The other night I had a dream that I was searching for one of Sol LeWitt’s cubes in an ancient temple turned into a modern tourist attraction. I won’t go into detail, but the whole dream embodied this strange tension between spirituality, diversion, and aesthetics; not to mention antiquity and modernity.

The morning after this dream, I came across an article in the New York Times about Gregor Schneider’s black cube sculpture in Hamburg. This piece is intended to resemble the Kaaba, a huge cube at the center of the Great Mosque in Mecca. Although there is no law in Islam against representing the Kaaba (and it has been represented many times), the piece has been considered too politically charged to show by several institutions. It is now finally being shown outside the Hamburger Kunsthalle as part of an exhibit honoring Malevich.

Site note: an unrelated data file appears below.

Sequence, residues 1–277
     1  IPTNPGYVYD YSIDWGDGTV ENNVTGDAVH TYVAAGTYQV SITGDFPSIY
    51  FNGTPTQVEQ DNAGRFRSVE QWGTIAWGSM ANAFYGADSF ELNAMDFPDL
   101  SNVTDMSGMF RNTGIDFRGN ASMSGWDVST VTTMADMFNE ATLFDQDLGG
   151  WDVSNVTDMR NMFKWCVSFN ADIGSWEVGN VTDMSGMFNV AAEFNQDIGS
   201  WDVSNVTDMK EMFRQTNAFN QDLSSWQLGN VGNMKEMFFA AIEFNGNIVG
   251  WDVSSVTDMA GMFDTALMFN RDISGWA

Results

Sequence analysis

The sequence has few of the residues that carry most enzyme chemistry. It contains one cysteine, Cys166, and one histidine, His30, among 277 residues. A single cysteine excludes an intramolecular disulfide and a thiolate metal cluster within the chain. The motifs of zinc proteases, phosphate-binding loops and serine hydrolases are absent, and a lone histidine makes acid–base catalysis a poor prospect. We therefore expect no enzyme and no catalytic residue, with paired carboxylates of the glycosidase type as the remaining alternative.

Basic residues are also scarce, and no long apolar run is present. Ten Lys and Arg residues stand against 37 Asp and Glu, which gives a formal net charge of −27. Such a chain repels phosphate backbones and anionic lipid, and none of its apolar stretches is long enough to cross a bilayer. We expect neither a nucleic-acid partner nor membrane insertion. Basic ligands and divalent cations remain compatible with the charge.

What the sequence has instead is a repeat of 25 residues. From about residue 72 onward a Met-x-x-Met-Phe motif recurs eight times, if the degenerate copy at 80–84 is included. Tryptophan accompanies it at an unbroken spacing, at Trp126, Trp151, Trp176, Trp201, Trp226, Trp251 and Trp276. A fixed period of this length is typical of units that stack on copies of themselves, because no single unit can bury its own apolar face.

There are too many convergences here for me to follow all the threads, but the transformation of the cube from spirit (Kaaba, and also New Jerusalem), to feeling (Malevich), to concept (LeWitt), to politics (Gregor) is really leaving me speechless right now.